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I would like to understand the differences between innodb_autoinc_lock_mode options 0,1 and 2 when parallel load data infiles are given.

I see in "0" option, it locks the entire table and does the First transaction requested for N number of records say TX1. So when next transaction say TX2 is raised in meantime when first transaction is still getting uploaded using "load data", then it has to wait in the queue for the first one TX1 to complete. And then it sets the max(AI_column)+1 value from the table and does upload for the next set of load data. In this case it doesn't jump the Auto Increment numbers.

Also I see in "1" option, it locks the entire table and does the First transaction requested for N number of records say TX1. So when next transaction say TX2 is raised in meantime when first transaction is still getting uploaded using "load data", then it has to wait in the queue for the first one TX1 to complete. And then it sets the max(AI_column)+1 value from the table and does upload for the next set of load data. And then it sets the max(AI_column)+some_creepy_jump.

But I see in "2" option, it doesn't lock the entire table. Instead it keeps inserts for each process simultaneously and inserting records for which ever request falls in randomly and ends all threads with average time around (1.21 sec for 7 parellel threads using load data having 1000000 record each). In this case it has multiple transactions in mixed order. And then it sets the max(AI_column)+some_creepy_jump atlast.

I'm using mysql 5.1.61 .

  • My question is what is the use of option 1?
  • And why does it stay as default later versions of Mysql 5.1.22 ?
  • Have anyone comeaccross any disasters with option 2?

As my project demands multiple processes using load data for a table. And I have tested the above options and finalized to go with option 2. Kindly correct me if my experiments are wrong.

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1 Answer 1

What replication method are you using? Option 2 is fine with ROW based, but for STATEMENT replication your auto inc values on the slave are not guaranteed to be the same.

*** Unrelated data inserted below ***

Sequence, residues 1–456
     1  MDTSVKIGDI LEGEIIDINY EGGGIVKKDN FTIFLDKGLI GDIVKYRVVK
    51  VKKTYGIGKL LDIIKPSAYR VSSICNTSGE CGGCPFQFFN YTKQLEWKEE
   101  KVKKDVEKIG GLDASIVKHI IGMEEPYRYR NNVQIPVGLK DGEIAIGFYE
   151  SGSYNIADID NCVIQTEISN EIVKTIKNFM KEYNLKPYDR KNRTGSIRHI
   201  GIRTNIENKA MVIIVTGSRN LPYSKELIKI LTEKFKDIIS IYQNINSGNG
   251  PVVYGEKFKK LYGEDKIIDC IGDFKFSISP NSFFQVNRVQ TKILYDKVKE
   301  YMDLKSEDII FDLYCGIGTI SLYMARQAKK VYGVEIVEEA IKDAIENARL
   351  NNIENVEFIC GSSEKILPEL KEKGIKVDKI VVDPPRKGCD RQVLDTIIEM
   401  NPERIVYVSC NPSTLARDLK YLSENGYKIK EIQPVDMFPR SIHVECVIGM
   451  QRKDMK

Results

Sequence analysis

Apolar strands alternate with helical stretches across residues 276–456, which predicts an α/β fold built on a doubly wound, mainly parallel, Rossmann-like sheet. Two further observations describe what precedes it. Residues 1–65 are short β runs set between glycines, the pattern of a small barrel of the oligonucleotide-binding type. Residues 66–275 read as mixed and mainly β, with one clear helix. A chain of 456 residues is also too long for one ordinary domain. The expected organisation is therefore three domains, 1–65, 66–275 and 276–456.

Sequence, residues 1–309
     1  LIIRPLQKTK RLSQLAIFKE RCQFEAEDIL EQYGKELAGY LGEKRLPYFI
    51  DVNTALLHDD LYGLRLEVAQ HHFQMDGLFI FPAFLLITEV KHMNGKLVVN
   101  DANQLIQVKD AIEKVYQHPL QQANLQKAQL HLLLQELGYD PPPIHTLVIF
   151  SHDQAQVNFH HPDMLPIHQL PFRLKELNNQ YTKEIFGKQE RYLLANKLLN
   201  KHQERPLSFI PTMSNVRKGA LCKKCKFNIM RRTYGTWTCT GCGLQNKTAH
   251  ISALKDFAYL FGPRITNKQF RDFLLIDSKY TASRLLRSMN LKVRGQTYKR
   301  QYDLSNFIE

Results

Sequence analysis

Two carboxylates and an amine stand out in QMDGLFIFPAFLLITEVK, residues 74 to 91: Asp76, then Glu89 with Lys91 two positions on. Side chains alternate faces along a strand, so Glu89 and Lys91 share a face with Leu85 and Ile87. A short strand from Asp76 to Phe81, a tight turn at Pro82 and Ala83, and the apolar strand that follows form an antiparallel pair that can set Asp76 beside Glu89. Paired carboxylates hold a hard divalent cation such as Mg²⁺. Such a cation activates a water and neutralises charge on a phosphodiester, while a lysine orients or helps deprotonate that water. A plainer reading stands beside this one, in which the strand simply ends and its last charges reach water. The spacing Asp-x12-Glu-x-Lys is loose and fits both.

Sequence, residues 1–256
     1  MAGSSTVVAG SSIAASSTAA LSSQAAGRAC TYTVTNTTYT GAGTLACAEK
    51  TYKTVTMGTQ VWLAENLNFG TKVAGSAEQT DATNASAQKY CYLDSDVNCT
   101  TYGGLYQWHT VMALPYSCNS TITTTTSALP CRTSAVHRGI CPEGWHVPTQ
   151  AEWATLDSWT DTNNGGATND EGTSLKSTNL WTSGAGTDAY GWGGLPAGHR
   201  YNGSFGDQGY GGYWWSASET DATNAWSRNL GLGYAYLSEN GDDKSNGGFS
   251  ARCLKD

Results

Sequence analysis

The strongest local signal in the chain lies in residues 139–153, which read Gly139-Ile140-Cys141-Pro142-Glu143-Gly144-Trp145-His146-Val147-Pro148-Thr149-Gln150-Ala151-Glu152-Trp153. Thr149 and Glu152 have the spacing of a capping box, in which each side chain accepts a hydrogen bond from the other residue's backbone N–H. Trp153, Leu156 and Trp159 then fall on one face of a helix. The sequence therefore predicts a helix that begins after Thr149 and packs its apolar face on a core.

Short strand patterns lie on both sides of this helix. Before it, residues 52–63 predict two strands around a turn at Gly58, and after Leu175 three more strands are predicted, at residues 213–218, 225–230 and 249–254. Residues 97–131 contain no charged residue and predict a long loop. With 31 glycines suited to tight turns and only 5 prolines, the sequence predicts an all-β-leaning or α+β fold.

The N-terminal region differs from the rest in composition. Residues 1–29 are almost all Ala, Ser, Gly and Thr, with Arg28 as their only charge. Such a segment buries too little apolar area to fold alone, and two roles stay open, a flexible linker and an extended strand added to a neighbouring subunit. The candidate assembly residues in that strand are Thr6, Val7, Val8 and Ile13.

Option 2 also means that your auto inc values probably won't be consecutive, but maybe that does not matter to you.

Option 1 is the default because it is the safest method with STATEMENT based replication (which I think is the default). It is more scalable than option 0 since it only does a table level auto inc lock for bulk inserts but it still provides consecutive auto inc values with no gaps. Some folks rely upon that behavior.

Sounds like for your use case you're fine with the setting you have selected, as long as your replication settings are OK.

Hope that helps.

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I'm using SBR. Kindly tell me what could go wrong in option 2 with SBR and how is that handled in option 1. Do you mean to say option 1 doesn't do any table level lock and doesn't generate any gaps between one bulk insert to another? –  Mannoj Feb 11 '13 at 9:58
    
See: dev.mysql.com/doc/refman/5.5/en/…. Relevant passage is: "Auto-increment values are not ensured to be the same on the slaves as on the master if you use innodb_autoinc_lock_mode = 2 (“interleaved”) or configurations where the master and slaves do not use the same lock mode". Option 2 is not safe to use with SBR. Regarding the second part, Option 1 uses table level locks for bulk inserts, but not for "normal" inserts. It does not generate gaps because any bulk inserts are serialized and the next chunk just waits for the lock to get it's IDs. –  drogart Feb 11 '13 at 22:25
    
Imagine a scenario where you have 10 bulk inserts having avg insert time of each as 50secs. And 10 of them are initiated at same time. For options 0 and 1 it keeps them for longer time and inserts one by one whereas innodb_lock_wait_timeout=150 as default for the 4 to 10 bulk insert in the queue gets timedout. Such scenarios are prone in my application. And to set a timeout value is a non-deterministic idea. Keeping option 2 and am having workaround for replication, as these LOAD data are kept in csv at application end to be re-use if required. By this my PROD will be in good shape to users. –  Mannoj Feb 13 '13 at 7:51

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